Dexamol Kid

Dhamol

Dialgine

Dimetapp Daytime Cold Extra Strength

Dirox

Disprol

Distalgesic

Doc Para

Docpara

Docparacod

Docpelin Paracetamol

Dolal

Dolel

Dolevar

Dolex

Dolgesic

Dolgesic Codeina

Doliprane

Dolitabs

Dolko

Dolocare

DoloCitran C

Dolofebril

Dolol Instant

Dolomedil

Dolomol

Dolomolargesico

Dolostop

Dolotec

Dolprone

Doluvital

Dolviran

Dopagan

Dopalgan

Dopalogan

Dopamol

Dorbigot

Doregrippin

Dorocol

Doxyfene

Dozol

Dristan N. D.

Dumin

Duokapton

Duorol

Dymadon

Efagesic

Eferalgan

Efetamol

Effect

Efferalgan

Efferalgan Vitamina C

Efferalganodis

Ekosetol

Emidol

Empacod

Empaped

Emtacetamol

Enddol

Endocet

Enelfa

Enelfa Dr. Henk

Erphamol

Espaven

Ethics Paracetamol

Expandox

FAP

Farmadol

Fast

Fea

Febrax

Febrectal

Febrectal Infantil

Febrex

Febricet

Febridol

Febrilix

Felibrix

Femerital

Fevac

Fevadol

Feverall

Fevrin

Fibrex

Fibrexin

Fibrimol

Filanc

Finimal

Finimal C

Fitamol

Flaviston E

Flectadol

Flogodisten

Fludeten

Fludrex

Fluental

Flutabs

Fortamol

Frenagial

Gabbrocet

Gamatherm

Gelocatil

Gelocatil Codeina

Gelonida

Geluprane

Genapap

Genebs

Geniol-P

Genspir

Geralgine-P

Getol

Gitas Plus

Go-Gesic

Gripakin

Gripostad

Grippex

Grippostad

Grippostad Heissgetrank

Hapacol

Head-O

Hedex

Hepa

Hexplider-C

Hot Coldrex

Hydrocodone bitartrate and Acetaminophen

Ibumol

Ibupain

Infadrops

Infants' Feverall

Infants' Tylenol

Infapain

Influbene C

Influbene N

Intaflam

Iremax

Isalgen Compuesto

Itamol

Itedal

Ixprim

Jagcin

Junior Parapaed

Kafa

Kafa Flashtabs

Kafa plus Koffein

Kapake

Kelvin

Kenox

Kinderparacetamol

Kinderparacetamol CF

Kitadol

Kodipar

Kolibri

Korylan

Lanamol

Lekadol

Lemgrip

Lemsip

Lensen

Liquiprin

Lisopan

Lonarid

Lortab

Lotem

Lupocet

Lusadeina

Mafidol

Mafidol Compuesto

Maganol

Magnidol

Malex

Malidens

Mann

Medamol

Medibudget Schmerztabletten Paracetamol

Medinol

Medinol Paediatric

Medipyrin

Mejorax

Mejorax Infantil

Methoxacet

Mexalen

Midol Night-Time

Midrid

Midrone

Migraeflux MCP

Migralave + MCP

Migrane-Neuridal

Migranerton

Minafen

Minofen

Minoset

Miralgin

Momentum

Muscadol

Myogesic

Mypaid

N-Paracetamol

Nactop

Napa

Napacod

Napafen

Napamol

Naprex

Nasa

Nasamol

Nedolon

Neo Rheumacyl

Neomol

Neopap

Neopyrin

Neverdol

Niocitran

Nodipir

Nodrof

Norco

Norflex CO

Norgesic

Normotemp

Novalsung

Novo Asat

Novo-Gesic

Nufadol

Nuosic

Octadon

Omol

Optalidon Schmerztabletten

Optipyrin

Oskadon

Ottopan

Oxycet

Oxycodone and Acetaminophen

Pacimol

Painamol

Painamol Plus

Paldesic

Pamol

Pamol Flash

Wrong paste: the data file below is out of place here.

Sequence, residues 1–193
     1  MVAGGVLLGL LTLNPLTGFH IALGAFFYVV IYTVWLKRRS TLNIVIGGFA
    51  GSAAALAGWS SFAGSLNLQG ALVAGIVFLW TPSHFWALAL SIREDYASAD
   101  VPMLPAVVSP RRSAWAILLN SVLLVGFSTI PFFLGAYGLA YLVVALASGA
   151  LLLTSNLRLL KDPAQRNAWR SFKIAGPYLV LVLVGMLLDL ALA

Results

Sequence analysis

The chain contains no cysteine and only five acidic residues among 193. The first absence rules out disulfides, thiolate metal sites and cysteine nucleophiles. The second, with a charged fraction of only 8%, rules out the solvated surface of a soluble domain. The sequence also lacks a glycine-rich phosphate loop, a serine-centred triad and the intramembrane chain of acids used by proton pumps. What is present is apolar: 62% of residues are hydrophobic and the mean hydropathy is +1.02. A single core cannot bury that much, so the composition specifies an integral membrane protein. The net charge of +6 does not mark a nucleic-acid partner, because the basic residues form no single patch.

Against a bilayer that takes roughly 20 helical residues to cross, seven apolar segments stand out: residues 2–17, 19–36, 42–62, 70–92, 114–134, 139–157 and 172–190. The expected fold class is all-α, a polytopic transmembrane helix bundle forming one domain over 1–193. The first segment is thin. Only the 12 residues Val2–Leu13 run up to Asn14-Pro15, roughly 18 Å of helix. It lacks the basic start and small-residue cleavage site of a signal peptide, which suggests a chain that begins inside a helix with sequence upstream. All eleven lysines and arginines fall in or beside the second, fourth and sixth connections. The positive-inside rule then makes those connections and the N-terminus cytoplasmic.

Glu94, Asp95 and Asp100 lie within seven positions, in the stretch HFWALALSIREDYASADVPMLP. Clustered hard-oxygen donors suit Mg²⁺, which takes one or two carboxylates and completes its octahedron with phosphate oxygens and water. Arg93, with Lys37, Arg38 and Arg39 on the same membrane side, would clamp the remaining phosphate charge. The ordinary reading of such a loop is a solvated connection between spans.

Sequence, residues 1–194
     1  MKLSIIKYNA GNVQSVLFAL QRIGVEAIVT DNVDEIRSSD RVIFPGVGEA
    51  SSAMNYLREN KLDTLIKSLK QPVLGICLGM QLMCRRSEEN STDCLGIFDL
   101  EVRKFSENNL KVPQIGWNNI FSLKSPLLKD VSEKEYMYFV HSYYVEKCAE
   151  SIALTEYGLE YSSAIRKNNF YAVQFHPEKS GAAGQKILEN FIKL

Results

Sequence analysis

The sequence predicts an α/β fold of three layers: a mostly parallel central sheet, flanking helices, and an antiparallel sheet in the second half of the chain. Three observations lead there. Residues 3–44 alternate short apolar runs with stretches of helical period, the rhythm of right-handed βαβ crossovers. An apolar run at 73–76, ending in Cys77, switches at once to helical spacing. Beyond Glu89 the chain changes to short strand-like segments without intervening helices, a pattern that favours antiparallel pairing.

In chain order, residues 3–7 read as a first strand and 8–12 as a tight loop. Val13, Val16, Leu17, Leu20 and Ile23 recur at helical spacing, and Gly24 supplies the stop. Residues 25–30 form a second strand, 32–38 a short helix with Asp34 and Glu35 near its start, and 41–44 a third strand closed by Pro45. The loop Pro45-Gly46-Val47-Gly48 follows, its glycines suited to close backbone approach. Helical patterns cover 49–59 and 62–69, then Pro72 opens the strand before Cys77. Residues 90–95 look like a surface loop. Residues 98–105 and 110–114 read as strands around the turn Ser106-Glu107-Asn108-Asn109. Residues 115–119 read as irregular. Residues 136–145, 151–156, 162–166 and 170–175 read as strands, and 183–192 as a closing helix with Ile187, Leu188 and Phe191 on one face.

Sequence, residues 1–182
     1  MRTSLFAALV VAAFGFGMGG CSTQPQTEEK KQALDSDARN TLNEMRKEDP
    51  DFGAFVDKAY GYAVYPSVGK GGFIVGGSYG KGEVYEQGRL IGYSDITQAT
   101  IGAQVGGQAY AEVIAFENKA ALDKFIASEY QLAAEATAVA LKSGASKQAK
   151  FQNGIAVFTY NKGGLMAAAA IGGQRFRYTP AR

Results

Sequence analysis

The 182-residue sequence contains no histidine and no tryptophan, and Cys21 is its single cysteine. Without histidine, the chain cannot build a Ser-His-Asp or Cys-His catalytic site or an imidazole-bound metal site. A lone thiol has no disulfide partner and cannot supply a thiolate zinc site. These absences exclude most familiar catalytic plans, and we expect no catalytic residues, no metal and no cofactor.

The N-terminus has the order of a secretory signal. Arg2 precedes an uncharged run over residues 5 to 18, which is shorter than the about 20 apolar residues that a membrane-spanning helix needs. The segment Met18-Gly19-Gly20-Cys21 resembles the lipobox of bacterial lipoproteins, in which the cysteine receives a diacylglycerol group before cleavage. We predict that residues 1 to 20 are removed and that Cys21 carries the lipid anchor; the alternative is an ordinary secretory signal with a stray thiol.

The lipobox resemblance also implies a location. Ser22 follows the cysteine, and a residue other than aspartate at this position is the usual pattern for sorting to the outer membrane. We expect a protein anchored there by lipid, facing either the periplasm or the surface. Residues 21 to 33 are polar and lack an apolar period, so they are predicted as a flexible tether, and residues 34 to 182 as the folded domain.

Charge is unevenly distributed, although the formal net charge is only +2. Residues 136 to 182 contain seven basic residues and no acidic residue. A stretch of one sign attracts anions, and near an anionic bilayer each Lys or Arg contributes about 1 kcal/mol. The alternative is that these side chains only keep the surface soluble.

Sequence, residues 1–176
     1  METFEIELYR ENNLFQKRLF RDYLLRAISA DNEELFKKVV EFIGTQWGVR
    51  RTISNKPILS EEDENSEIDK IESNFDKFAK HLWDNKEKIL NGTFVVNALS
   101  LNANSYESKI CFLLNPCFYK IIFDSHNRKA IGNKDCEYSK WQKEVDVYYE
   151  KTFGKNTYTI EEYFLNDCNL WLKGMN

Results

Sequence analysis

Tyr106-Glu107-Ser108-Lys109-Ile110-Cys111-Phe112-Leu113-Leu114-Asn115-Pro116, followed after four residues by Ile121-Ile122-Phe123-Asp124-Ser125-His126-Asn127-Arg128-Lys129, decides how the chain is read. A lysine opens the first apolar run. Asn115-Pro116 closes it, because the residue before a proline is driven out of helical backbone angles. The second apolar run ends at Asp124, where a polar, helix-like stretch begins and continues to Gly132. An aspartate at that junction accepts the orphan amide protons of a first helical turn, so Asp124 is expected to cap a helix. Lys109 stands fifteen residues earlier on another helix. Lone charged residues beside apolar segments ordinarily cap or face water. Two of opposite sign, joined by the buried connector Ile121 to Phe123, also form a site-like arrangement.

Panacare

Panacetamol

Panadeine

Panado

Panadol

Panadol 7+ years

Panadol Actifast

Panadol Adultos

Panadol Antigrippine

Panadol Artrose

Panadol Baby

Panadol Baby & Infant

Panadol C

Panadol Codeine

Panadol Extend

Panadol Extra

Panadol Femina

Panadol Infantil

Panadol Junior

Panadol Night

Panadol Plus

Panadol Rapide

Panadol Zapp

Panaflam

Panagesic Adultos

Panagesic Infantil

Panam Retard

Panamax

Panaram

Panasorbe

Panasorbe (Sanofi-Aventis - Produtos farmaceuticos, S.)

Panets

Panets Baby

Panodil

Panodil Zapp

Para

Para-C

Para-don

Para-G

Para-Suppo

Para-Tabs

Para-z-mol

Paracap

Paracare

Paracen

Paraceon

Paracet

Paracetam

Paracetamol / Ascorbinezuur

Paracetamol / Codeine A

Paracetamol / Codeine PCH

Paracetamol A

Paracetamol Agrand

Paracetamol AL

Paracetamol AL comp.

Paracetamol BC

Paracetamol beta

Paracetamol Brifarma

Paracetamol CF

Paracetamol Cinfamed

Paracetamol Cuve

Paracetamol DM

Paracetamol dura

Paracetamol EG

Paracetamol elac

Paracetamol Elixir

Paracetamol Extra Fort

Paracetamol Fairmed

Paracetamol FLX

Paracetamol for Chlidren

Paracetamol G Gam

Paracetamol G. E.S.

Paracetamol Grunenthal

Paracetamol Hanseler

Paracetamol HTP

Paracetamol Infantil

Paracetamol L. CH.

Paracetamol Lch

Paracetamol Lichtenstein

Paracetamol LPH

Paracetamol Merck

Paracetamol Merck

Paracetamol MK

Paracetamol PCH

Paracetamol PT Copii

Paracetamol Q-Generics

Paracetamol Ranbaxy

Paracetamol Rosch

Paracetamol Roter

Paracetamol SAD

Paracetamol SmithKline Beecham

Paracetamol Tablets

Paracetamol Therapeuticon

Paracetamol Triangle Pharma

Paracetamol Winthrop

Paracetamol Winthrop

Paracetamol Zikidis

Paracetamolis L

Paracetamolo

Paracetol

Paracin Kid Tabs.

Paracof Roter

Paracor

Paracotene

Paradex

Paradol

Paradote

Paradrops

Parafil

Parafludeten

Parafon Forte

Parageniol

Parahexal

Parakapton

Paralen

Paralgan

Paralgin

Paralief

Paralink

Paralyoc

Paramax

Paramed A. L.S.

Paramidol

Paramol

Paramolan

Paranox

Paranox-S

Parapaed

Parapyrol

Parasedol

Parasupp

Paratab

Paratabs

Paratral

Parclen

Parol

Paroma

Parox Meltab

Parsel

Paximol

Pazital

Pe-Tam

Pediatrix

Pendol

Percocet

Perdolan

Perdolan Bebe

Perdolan Codeine

Perdolan Enfant

Perfalgan

Perfalgan Kinder

Perfalgan Paediatric

Perfusalgan

Pharex Paracetamol

Pharmacare Paracetamol

Pharmadol

Phrenilin

Pinex

Pinex Comp.

Pirofen

Piros

Plicet

Plivamed

Plovacal

Pmol

PMS-Oxycodone-Acetaminophen

Polmofen

Pontalsic

Poro

Pracetam

Praxion

Prefer

Primadol

Primiza

Profenal

Progesic

Prolief

Prontopyrin

Propoxi 66

Propoxyphene Hydrochloride and Acetaminophen

Propoxyphene napsylate and Acetaminophen

Propyretic

Pyradol

Pyral

Pyralen

Pyralgin

Pyrex

Pyrexin

Pyrexon

Pyrigesic

Ramol

Rapidol

Rapidon

ratio-Emtec-30

ratio-Oxycocet

Razimol

Relaxibys

Relaxon

Reliv

Remedeine

Remedol

Reset

Resolvebohm

Revanin

Rhinofebryl

Robaxacet